Dear Amy: I am very close to my cousin “Landon.”
Landon is a strong and healthy old man. Unbeknownst to him, we are not actually cousins and are actually not related at all.
Years ago, I asked Landon to submit a DNA sample and have the results delivered to me as a family historian.
The sample revealed that his mother’s husband was not Landon’s biological father.
Note that Landon always had a strained relationship with his “father” and I remember him as a difficult man.
I am an amateur genealogist and was able to identify his biological father and relatives.
Those still living are a short drive from Landon’s home.
Although he is very proud of our family history (there is nothing remarkable about our tree), he did not pay attention to the DNA results. He believes the DNA results only prove what he has long believed to be true.
I have gone to great lengths to protect his privacy while using public databases to research his biological family. However, Landon’s children and grandchildren could undergo DNA testing at any time, making this reality clear.
Then I would have to confess that I have known the truth for years.
I love my cousin so much that I don’t want to hurt him or damage our friendship.
Should I tell Landon about his parentage now?
– Burden of Truth
Dear Truth Burden: You have avoided accessing your cousin’s DNA information because you believe it only proves that he is biologically related to your family. I’m hinting.
But maybe he’s been avoiding it…he suspects that his DNA inheritance is taking him outside of your family and simply doesn’t want to face it. . It’s a legitimate choice and he has the right to do it.
You might say to him: “As you know, I’ve researched my family’s DNA and genealogy. I have access to your information and your unique story. If you want to know about it, I’d love to share it with you. can.”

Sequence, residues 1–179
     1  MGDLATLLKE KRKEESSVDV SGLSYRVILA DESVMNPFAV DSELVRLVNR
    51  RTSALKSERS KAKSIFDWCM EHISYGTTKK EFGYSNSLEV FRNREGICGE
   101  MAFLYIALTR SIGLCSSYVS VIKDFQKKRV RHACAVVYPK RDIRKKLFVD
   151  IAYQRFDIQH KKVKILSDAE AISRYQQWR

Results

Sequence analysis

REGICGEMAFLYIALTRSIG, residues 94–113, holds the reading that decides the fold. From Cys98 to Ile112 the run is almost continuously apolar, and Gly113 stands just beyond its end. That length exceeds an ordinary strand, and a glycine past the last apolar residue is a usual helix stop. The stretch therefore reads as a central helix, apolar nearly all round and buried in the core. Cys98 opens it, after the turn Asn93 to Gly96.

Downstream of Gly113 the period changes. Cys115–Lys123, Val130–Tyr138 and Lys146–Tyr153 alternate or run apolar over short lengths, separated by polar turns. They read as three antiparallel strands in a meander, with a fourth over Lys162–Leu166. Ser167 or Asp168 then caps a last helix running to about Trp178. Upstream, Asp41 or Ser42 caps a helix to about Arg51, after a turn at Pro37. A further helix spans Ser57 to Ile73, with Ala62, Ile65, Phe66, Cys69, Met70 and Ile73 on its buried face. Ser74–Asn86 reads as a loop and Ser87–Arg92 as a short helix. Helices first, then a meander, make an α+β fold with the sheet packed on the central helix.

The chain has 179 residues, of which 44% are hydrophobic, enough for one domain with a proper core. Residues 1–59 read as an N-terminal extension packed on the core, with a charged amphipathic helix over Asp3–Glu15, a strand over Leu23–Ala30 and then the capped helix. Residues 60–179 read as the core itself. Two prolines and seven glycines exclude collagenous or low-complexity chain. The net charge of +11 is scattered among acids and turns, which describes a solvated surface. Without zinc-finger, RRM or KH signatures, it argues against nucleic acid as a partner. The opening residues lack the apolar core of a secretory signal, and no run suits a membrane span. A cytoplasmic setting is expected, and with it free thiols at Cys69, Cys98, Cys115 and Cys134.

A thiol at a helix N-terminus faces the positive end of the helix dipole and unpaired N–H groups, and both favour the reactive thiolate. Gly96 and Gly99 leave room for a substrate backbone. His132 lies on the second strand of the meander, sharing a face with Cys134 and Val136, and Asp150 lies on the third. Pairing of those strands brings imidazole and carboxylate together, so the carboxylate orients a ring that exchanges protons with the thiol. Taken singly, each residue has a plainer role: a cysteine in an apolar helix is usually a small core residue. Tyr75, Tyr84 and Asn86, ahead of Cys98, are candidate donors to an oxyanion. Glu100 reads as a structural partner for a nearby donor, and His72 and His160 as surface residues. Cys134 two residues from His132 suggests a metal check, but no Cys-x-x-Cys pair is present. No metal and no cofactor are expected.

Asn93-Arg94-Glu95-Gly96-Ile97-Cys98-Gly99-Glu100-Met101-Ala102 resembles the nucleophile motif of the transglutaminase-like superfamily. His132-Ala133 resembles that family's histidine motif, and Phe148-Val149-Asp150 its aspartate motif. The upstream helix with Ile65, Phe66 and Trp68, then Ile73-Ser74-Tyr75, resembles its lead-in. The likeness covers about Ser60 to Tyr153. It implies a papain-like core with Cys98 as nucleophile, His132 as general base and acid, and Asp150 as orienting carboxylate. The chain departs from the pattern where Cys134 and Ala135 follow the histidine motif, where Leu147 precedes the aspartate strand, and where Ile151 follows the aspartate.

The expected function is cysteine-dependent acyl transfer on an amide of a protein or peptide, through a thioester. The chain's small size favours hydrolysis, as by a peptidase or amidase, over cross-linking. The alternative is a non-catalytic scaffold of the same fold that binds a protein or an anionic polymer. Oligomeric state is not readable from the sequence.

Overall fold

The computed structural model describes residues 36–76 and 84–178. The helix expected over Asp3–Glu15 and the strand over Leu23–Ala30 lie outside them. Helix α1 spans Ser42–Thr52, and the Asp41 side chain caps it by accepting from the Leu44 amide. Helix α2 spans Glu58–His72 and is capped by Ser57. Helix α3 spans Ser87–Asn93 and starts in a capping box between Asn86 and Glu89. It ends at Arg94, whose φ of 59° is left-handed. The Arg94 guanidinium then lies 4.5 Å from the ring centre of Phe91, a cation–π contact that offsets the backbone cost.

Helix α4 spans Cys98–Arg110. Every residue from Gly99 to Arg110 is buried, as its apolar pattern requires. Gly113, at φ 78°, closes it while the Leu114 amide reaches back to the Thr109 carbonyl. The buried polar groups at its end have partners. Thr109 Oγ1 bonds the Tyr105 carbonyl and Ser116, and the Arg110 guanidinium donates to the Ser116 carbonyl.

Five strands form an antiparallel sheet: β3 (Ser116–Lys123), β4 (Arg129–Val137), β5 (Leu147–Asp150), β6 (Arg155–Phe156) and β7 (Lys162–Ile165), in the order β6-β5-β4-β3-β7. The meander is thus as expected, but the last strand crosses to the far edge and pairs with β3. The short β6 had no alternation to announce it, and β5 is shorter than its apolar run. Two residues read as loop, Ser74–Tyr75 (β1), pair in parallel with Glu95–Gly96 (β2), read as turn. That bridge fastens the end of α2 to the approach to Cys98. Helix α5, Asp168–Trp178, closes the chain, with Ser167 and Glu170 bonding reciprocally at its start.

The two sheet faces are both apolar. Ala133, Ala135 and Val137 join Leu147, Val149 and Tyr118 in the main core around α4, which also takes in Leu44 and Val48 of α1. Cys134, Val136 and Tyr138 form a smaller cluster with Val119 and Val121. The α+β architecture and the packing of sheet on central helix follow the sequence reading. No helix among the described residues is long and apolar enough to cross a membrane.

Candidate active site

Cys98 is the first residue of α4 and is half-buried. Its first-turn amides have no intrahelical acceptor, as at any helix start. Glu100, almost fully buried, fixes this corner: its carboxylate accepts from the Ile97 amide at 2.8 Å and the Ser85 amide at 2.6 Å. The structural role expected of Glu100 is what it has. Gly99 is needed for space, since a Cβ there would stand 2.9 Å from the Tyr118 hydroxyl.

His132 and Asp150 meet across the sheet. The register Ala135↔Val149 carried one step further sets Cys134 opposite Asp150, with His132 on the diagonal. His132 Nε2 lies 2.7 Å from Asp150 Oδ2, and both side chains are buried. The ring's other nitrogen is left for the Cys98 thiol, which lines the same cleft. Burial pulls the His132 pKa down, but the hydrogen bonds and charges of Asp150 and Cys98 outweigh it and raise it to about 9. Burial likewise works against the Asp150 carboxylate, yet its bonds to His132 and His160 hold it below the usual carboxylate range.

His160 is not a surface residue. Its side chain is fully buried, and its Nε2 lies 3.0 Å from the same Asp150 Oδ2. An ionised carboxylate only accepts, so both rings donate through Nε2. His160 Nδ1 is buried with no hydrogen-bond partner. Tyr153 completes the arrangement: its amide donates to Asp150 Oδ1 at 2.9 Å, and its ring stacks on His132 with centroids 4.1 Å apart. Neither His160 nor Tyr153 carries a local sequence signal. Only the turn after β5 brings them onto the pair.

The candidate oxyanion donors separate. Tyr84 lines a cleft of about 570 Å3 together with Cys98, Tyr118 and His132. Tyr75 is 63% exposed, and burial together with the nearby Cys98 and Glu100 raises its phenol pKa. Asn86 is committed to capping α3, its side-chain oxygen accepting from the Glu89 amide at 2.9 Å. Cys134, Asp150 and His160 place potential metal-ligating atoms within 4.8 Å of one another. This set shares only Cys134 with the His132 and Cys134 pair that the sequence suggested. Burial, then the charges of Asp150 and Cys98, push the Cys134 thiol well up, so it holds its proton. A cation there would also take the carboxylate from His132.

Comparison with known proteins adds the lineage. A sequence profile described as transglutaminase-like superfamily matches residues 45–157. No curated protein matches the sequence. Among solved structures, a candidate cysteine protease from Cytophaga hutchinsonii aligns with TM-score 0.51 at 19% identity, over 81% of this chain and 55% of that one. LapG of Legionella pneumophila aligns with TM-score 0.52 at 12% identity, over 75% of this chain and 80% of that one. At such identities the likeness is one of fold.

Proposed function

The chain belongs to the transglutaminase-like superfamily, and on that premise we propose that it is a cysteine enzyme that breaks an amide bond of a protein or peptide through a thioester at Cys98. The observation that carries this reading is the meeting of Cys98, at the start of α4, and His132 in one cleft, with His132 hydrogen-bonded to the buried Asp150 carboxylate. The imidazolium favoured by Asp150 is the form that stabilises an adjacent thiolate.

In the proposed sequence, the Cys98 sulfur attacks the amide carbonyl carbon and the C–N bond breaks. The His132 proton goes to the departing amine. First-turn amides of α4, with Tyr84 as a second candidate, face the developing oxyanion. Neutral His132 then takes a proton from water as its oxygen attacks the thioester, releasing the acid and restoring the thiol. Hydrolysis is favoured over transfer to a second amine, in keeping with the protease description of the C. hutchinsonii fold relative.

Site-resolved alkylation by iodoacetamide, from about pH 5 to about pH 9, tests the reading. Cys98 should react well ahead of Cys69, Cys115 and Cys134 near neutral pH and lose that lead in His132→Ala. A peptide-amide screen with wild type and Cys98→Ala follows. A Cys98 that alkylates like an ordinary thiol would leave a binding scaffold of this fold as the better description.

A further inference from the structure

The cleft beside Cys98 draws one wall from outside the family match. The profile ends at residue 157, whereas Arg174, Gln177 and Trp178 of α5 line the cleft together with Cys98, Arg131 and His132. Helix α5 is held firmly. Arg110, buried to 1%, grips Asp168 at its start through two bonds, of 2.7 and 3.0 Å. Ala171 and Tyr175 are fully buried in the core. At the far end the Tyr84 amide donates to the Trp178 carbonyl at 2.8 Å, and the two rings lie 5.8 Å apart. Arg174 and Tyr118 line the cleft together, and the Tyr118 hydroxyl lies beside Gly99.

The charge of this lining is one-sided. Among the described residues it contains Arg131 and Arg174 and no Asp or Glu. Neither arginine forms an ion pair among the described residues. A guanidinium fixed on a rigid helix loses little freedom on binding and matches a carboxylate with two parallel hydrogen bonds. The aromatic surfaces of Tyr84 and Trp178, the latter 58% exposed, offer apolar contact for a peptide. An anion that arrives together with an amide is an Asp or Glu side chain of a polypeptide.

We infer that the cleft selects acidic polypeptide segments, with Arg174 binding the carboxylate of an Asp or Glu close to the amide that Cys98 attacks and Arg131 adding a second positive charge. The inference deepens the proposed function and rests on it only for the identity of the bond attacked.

He can then consider his options and let you know.
If a DNA relative (or family relative) discovers the truth about his parentage and independently contacts him, he will understand that you have provided him with this information.
Dear Amy: I have known “Carol” since 3rd grade.
She has a condo in Florida so I try to visit her once a year.
Having lost her husband a year ago, she became lonely.
Before this year’s visit, she told me she had a man and that he would “be around” while I was there.
Yes, he was always there, always called, always wanted to be with us.
The first night I was there she went to stay the night with him, leaving me and two irritating dogs who barked and whined all night.
When I told her in the morning, she apologized, but still left me with the dog every night to stay at his house.
I’m glad my friend found a new man. I didn’t mind her staying at his house at night.
My problem was that she couldn’t go 5 days without him being around all the time so I could enjoy a vacation with my friends.
And she left me alone with the dog while it barked constantly every night.
This caused problems in our friendship.
She seems angry at me, but I think I have the right to be angry.
We would love to hear your thoughts.
– the dog is tired
Dear Tired Dog: People who enjoy the initial rush and flash of a new relationship tend to act selfishly. No, “Carol” actually believes that right now she can’t go five days without seeing her constriction.
Maybe he’s spending the night with her and her dog, so she might have thought you were giving him space during your stay by taking him to his place, but every night… Abandoning you to take care of her dog was extremely rude.
She may be pretending to be angry at you and preempting your disappointment, but she really owes you an apology.
Dear Amy: Your advice to “be on time” completely lacked consideration for people who are always late. People with ADHD have the added challenge of dealing with time management. Starting without them will only shame them for acting out of their control.
– It was disappointing.
For those of you who are unhappy: Starting work without the chronically late person may free up the person who is late and avoid frustrating and toe-tapping those who are kept waiting.